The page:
During the course of the day, if the collector 12 remains in a stationary position, different areas on the outer surface 13 of the collecting member will be the "hot spot," that is the area directly perpendicular to the rays of the sun. Thus in a stationary system, the spray nozzle 78 will direct the liquid not only at the particular hot spot at a particular time but also at cooler areas of the surface 13.
In order to increase the efficiency of the collector, a drive mechanism 100 such as an electric motor may be employed having a gear 102 which meshes with and drives a drive gear 104 mounted on the support member 18. The support member 18 may be rotatably mounted in the lower and upper bearings 22, 26 such that the drive motor 100 can be used to rotate the entire collecting member 12. Control means 106 such as a timing mechanism may be used to regulate the speed at which the collecting member should be rotated which may be at a continuous slow speed such that the collecting member rotates one-half turn every 12 hours and then is rotated in a reverse direction to the starting position. The collecting member 12 alternatively may be periodically rotated in small increments such that the "hot spot" will move across a given area before the collecting member 12 is rotated to return the "hot spot" to its starting position. Thus the means for rotating the collecting member 12 need not be as precise as the tracking mechanisms employed in the flat plate collectors in that the curved nature of the surface of the collecting member 12 reduces the accuracy and precision required for the positioning of the outer surface 13.
A layer of insulation 108 may be applied to the inner surface 16 of the collecting member 12 at the lower and rear "dark" side of the collecting member 12 to reduce heat loss during operation.
FIG. 5 shows an alternative embodiment of the invention wherein reflecting surfaces 110, 112 are utilized to increase the effective absorbing surface area of the collecting member 12. The substantially vertical reflecting surface 110 may be curved to complement the shape of the collecting member 12 to focus a larger number of rays on the outer surface 13 of the collecting member 12. This embodiment may be employed with the embodiments shown in FIGS. 1, 2, 3 or 4.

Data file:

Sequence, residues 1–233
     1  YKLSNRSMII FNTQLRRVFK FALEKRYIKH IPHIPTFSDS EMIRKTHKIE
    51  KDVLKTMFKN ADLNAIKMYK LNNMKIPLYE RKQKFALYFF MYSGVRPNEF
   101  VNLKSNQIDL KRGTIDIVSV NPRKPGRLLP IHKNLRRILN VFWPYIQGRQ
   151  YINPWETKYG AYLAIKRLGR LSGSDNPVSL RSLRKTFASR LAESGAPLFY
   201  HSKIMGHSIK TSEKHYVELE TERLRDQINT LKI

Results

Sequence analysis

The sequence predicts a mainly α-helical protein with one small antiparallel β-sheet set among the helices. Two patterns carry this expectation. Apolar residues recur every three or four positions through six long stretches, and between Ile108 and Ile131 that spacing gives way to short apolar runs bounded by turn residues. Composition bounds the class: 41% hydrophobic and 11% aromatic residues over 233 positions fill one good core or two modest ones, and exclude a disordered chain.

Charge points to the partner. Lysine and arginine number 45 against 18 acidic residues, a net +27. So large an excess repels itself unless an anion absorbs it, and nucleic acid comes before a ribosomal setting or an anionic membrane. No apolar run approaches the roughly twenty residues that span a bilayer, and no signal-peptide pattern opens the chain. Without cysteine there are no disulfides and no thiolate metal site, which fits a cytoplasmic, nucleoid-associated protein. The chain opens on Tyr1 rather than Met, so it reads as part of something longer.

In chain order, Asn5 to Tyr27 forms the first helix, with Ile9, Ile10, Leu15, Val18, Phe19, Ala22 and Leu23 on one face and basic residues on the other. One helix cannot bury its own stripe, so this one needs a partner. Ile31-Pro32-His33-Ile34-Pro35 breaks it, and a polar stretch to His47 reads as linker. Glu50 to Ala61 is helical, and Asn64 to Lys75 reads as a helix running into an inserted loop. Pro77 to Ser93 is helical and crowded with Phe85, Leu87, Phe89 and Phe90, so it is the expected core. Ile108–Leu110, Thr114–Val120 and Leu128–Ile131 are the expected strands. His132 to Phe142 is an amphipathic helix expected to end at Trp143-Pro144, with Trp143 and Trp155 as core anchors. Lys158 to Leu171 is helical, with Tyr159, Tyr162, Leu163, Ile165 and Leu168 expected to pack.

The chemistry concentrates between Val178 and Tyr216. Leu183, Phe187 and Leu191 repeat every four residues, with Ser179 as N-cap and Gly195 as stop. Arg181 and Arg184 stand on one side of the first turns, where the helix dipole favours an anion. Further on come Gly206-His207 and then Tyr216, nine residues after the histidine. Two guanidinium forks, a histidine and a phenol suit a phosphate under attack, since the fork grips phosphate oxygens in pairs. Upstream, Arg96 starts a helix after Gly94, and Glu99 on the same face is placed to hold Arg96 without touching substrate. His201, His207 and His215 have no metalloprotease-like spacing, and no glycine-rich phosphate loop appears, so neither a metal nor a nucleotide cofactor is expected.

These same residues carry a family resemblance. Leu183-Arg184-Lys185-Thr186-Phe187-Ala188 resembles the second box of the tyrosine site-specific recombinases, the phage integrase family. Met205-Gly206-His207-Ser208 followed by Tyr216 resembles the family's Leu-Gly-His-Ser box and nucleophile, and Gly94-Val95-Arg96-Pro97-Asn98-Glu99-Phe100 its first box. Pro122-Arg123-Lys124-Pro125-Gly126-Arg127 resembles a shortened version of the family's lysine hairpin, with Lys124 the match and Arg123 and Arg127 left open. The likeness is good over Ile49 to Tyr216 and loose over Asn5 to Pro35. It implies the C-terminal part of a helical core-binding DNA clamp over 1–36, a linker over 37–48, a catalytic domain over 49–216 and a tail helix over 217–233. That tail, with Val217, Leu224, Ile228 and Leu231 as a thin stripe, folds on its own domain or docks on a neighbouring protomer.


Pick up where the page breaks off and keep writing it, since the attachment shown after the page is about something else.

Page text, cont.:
FIG. 6 is an alternative shape of the solar collector 10 wherein the collecting member 12a has a generally spherical shape with a section removed so that the collector may be mounted, for instance, on a peaked roof 114 of a house. In all other respects, the device may be the same as that shown in FIGS. 1, 2, 3 or 4.
FIG. 7 shows an alternative shape of the solar collector 10 wherein a cross section of the collecting member 12b represents a semicircle. A flat side 116 of the hemisphere 12b may be positioned generally away from the sun such as in a horizontal position at 117, for instance, mounted on the ground or on a flat roof, or in a vertical position at 119 for mounting on a vertical wall. The flat section 116 may also be positioned at an angle A as shown in FIG. 8 such that the curved section of the surface 118 would be continuously presented to the sun.
While the present invention has been described as utilizing a collecting member having a spherical or hemispherical shape, it will be appreciated that other nonlinear shapes can be advantageously employed such that any given area on the surface of the collecting member will be perpendicular to the sun at all times during the day and year. The efficiency of the device can be increased by providing that one portion of the collecting surface is continuously at right angles to the sun by means of continuous or intermittent rotation.
There has thus been described a method and means of confining a selected temperature conditioning zone in which to accumulate thermal energy collected off of the confining walls of a curvilinear enclosure such as a sphere.
The zone is selectively flushed with gas or liquid to transfer accumulated thermal energy to a point of utilization.
As is apparent from the foregoing specification, the invention is susceptible of being embodied with various alterations and modifications which may differ particularly from those that have been described in the preceding specification and description. It should be understood that I wish to embody within the scope of the patent warranted hereon all such modifications as reasonably and properly come within the scope of my contribution to the art.